APPRECIATING NATURE

APPRECIATING NATURE

INTRODUCTION

WHY APPRECIATION OF THE BEAUTY OF THE UNIVERSE IS SO IMPORTANT to ourselves, our communities and to the One who made it.

BY SISTER SHIRLEY AERIA FMDM
Brother mouse

An introduction to appreciating nature

By Sr Shirley Aeria

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We asked Sr Shirley to share some wisdom on why an appreciation of nature is deeply rooted in our faith.

NATURE IS A CONDUIT OF GOD’S LOVE

Nature, in all its limitless forms reflect a humble and extravagant God who cares deeply for all that has been created. Through our contemplative gaze, we can experience nature as an immense channel of God’s magnanimous love for each of us and for all of creation. In Matt 6:26, Jesus says, “Look at the birds, they do not plant seeds, gather a harvest… yet your Father in heaven takes care of them.”
In the great mystery of the Incarnation of God in Jesus (when God became man), the core message is that the Divine Presence is in us and in all of creation. The Incarnation has made every being and creation holy. There is an infinite self-emptying of God in creation and therefore, every aspect of creation has inherent dignity and deserves respect and appreciation.

WHAT HAPPENS WHEN WE STOP APPRECIATING NATURE?

Pope Francis in Laudato Si’ reminds us that all creation is interconnected. So, if one aspect of creation, whether it be humanity, animals, or landscapes, is damaged due to a lack of appreciation or care, we are all, directly or indirectly, affected. For example, losing habitats and homes due to climate change, pollution or mining can cause considerable suffering to both people and nature. In his Canticle of the Sun, St Francis of Assisi goes to great lengths to amplify the sisterly and brotherly relationships we have with ALL aspects of creation. Every person, flora, and fauna has a mission. Just because we haven’t found their respective purpose, does not mean that they are redundant! Our ecosystem relies heavily on relationships functioning well at all levels, as scientists have informed us. The importance of biodiversity goes beyond our dependence on ecosystems to live. All God’s creatures, from sister tree to brother fly, all have their own value and goodness. Every created thing, living or non-living, is here to give glory to God by their very existence on planet Earth, and the entire universe.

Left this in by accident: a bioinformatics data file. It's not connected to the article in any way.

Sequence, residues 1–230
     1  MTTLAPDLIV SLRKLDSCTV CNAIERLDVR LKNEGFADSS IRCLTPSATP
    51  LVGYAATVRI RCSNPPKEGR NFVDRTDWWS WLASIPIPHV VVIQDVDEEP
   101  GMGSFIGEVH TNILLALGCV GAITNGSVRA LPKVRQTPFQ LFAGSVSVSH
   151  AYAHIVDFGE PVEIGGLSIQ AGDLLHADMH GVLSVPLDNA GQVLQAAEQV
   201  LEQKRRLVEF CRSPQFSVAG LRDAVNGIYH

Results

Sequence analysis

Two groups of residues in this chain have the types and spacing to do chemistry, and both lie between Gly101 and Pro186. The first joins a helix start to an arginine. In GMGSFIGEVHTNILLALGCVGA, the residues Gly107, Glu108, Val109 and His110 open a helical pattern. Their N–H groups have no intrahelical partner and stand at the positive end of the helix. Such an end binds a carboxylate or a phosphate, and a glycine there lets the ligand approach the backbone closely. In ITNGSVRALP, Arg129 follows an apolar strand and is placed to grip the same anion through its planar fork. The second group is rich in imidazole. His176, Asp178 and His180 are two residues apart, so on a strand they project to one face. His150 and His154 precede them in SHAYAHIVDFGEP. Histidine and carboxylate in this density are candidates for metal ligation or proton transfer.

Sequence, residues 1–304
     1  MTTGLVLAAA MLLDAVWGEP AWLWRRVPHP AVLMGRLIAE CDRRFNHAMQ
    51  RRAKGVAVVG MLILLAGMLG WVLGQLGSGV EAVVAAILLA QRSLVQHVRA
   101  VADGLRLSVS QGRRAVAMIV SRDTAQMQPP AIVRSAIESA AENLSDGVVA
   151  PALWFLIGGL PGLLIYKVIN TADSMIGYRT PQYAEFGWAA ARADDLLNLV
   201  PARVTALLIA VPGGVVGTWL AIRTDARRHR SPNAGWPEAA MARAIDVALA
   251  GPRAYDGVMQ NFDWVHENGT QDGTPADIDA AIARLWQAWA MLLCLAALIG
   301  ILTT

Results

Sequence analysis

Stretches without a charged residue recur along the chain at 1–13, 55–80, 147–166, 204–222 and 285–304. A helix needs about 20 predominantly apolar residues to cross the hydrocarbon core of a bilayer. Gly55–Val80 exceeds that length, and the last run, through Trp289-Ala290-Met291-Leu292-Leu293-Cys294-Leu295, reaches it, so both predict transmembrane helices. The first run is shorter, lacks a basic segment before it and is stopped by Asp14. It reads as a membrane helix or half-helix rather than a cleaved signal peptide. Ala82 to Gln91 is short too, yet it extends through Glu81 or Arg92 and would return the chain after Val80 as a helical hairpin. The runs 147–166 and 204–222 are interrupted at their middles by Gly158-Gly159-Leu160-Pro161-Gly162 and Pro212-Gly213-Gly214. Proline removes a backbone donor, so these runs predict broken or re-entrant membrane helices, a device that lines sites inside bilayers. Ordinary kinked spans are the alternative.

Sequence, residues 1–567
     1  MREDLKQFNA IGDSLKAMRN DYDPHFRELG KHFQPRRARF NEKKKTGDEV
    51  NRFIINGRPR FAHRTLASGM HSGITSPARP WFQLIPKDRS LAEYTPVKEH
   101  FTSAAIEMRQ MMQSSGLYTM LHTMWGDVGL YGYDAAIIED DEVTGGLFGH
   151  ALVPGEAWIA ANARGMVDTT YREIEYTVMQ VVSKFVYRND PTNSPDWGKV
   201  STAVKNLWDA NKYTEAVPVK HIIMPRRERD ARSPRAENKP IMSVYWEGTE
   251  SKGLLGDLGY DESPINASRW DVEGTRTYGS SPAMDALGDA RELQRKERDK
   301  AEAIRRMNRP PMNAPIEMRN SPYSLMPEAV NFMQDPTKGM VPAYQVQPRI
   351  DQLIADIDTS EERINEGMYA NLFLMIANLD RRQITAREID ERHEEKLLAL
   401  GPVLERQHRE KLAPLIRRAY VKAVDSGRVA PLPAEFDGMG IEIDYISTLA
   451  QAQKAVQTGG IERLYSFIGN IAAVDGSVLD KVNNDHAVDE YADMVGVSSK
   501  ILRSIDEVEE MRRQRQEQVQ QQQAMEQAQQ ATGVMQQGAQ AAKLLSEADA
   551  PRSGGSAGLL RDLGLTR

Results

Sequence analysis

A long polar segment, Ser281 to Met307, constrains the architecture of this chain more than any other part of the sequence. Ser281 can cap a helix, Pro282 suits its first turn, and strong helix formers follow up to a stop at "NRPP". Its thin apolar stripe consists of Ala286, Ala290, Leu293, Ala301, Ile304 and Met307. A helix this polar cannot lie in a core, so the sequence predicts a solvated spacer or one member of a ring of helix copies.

WHAT LEGACY SHOULD WE, AS CHRISTIANS, LEAVE FOR FUTURE GENERATIONS?

God has entrusted humanity with the responsibility of looking after the planet as we read in Genesis 1:26ff. The reality right now is rather different. We humans have contributed to the destruction of our planet. Failure to act on our part as Christians, would be both irresponsible and totally lacking in charity if we are to care for our brothers and sisters on planet earth.

“The work of the Church seeks not only to remind everyone of the duty to care for nature, but at the same time “she must above all protect mankind from self-destruction”.

St Pope John Paul II

WHAT ROLE DOES MY PARISH HAVE IN HELPING PEOPLE APPRECIATE AND CARE FOR CREATION?